By Ali Peter John
Two days ago, Dharmendra was in his bungalow in Juhu (these days he spends most of his time on his farm in Lonavala, where he is busy writing poetry in Urdu) and knowing that it was his 82nd birthday on December 8 I asked him if he had any one dream unfullfilled.
He grew extremely emotional and said: “God has been very kind to the poor driller from Sanival in Punjab who had come to Bombay with the dream of becoming an actor after I had seen only one film of Yusuf Sahaab. I had to struggle and even starve at times. I even went back to Punjab after seeing that I was not being considered even for a side role. It was kind of great filmmakers like Arjun Hingorani, Mohan Kumar, Hrishikesh Mukherjee, Bimal Roy and O.P Ralhan who gave me the kind of roles that made me what I am today.” (He was growing more emotional and took off his dark glasses, which he wears these days, to stop his tears from flowing)
He had still not answered my question and I had to remind him about it in different ways. He finally answered and said it was his only real dream to work in a film with Dilip Kumar which sometimes almost became a reality, but some “jinx” came in the way and he couldn’t fullfill his dream of working with the actor who had inspired him and who had treated him like a part of his family on the very first night he met him through the kindness of his sister who was a journalist working with the film magazine, Filmfare and who always treated him like a “Bade Bhai”. But he kept waiting for that one opportunity to work with him.
Some time in the 1980s, he almost saw his dream come true. B.R Chopra was planning a film called “Chanakya Chandragupta” and had cast Dilip Kumar as Chanakya and Dharmendra as Chandragupta. The industry was agog with excitement about Chopra’s announcement and his passion to make the film showed when he made the producer spend over a lakh of rupees in those days when he sent the Hollywood trained make-up man Sarosh Mody to London only to design the bald Cape in which Dilip Kumar would be seen in throughout the film. Dharam was doubly excited when Chopra and his team of writers included him in all the discussion when it came to the script. Everything was finalised and the film was about to go on the floor when the producer faced a sudden financial crises and had to shelve what could have been a memorable film. More than that, it could have been a dream come true for Dharmendra, who still laments the loss of that “golden opportunity”.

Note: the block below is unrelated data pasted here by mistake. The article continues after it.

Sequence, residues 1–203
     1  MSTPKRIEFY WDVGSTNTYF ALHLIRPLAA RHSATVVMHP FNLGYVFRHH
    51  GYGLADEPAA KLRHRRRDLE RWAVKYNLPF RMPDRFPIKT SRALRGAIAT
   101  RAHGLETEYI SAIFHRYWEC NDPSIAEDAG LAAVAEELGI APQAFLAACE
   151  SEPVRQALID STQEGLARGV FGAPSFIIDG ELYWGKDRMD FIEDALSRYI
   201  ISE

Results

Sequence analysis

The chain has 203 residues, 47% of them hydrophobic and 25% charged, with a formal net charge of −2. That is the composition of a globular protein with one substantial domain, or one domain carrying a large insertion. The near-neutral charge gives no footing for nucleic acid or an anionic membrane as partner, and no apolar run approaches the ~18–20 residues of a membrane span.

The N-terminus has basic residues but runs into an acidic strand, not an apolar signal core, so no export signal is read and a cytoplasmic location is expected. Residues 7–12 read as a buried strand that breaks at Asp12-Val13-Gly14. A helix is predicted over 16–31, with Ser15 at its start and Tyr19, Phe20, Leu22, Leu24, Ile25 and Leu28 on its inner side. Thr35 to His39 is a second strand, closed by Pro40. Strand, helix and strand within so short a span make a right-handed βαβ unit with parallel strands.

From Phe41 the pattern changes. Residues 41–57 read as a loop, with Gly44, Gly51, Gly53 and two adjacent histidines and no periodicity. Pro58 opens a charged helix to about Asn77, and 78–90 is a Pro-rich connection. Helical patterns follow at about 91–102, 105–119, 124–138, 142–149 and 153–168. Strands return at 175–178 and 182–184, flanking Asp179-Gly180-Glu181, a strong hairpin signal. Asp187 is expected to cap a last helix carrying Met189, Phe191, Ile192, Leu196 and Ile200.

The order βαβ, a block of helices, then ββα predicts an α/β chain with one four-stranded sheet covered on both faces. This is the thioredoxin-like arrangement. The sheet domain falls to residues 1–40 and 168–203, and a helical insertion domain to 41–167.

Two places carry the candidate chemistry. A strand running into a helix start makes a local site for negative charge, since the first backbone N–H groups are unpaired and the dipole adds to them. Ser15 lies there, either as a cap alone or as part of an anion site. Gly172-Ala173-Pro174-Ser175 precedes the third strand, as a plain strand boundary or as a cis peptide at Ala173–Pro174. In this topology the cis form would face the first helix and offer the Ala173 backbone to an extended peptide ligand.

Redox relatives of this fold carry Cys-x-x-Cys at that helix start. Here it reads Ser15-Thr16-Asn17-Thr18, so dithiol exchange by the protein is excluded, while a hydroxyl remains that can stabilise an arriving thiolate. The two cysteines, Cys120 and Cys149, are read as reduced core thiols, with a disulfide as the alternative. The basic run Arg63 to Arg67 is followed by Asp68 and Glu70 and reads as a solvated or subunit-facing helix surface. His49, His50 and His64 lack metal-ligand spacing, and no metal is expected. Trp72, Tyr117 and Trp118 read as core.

There were other times when it looked like Dharam could have seen himself cast with the “actor for whom I could give up my life anytime”. The one chance he had was when someone from the south was planning to make “Aadmi” with Dilip Kumar and another big hero of the times, but the role ultimately went to Manoj Kumar, another great fan of Dilip Kuma. Dharam did not mind losing out to Manoj because they were very good friends and Manoj had stopped him from going back when he couldn’t find any work.
Dharam had to wait for several years for a chance to come close to his dream. The last big chance was when Dilip Kumar himself decided to direct his first film called “Kalinga”. Dharmendra “literally moved heaven and earth” to find a role in the film, but it took Dilip Kumar several days to make Dharam understand that there was no role for him in the script as he would have to play his (Dilip’s) eldest son which would not suit him. Dharam somehow wanted to be associated with his idol’s first film as a director and asked Dilip Kumar to cast his son, Sunny Deol as the son in the film and it was okay for Dilip Kumar, But Sunny who was a ruling romantic and action hero of the time refused to do the role as it had negative shades and a new actor had to be taken for the role.
Dharam never stopped trying to be a part of any film Dilip Kumar was doing, even if he knew that the role that would be offered to him would not be the role he would like to do. He had come to Bombay (now Mumbai) with the dream of “being another Dilip Kumar” but his dream was still-born.
And when he realised that Dilip Kumar had fallen very sick and would never be able to work again, he spent several days in a state of near depression and even thought of giving up working in films.
Dharam however has always been like a part of the Dilip Kumar and Saira Banu house. He has always been the first to call on Dilip Kumar on his birthday and their wedding anniversary in October. There was a time when some anti-Dharam elements tried to spread stories about Dharam having an affair with Saira, but all the three involved in the wild stories took the rumours in their stride and Dharam was still a part of the family.
It was only some time ago that Dharam came to know that Dilip Sahaab was now so sick that he could not remember any names and could not even recognise his best friends and people close to him that Dharam cried and asked: “uppar wala itna beraham kyu hota hain kabhi kabhi?”. He has now stopped visiting the house like many others because he feels there is no meaning of his visiting him if he doesn’t recognise him, the Dharam who was his “chote bhai”.
(Ali Peter John is a Mumbai-based film journalist. The views expressed are personal. He can be contacted at 09819291548)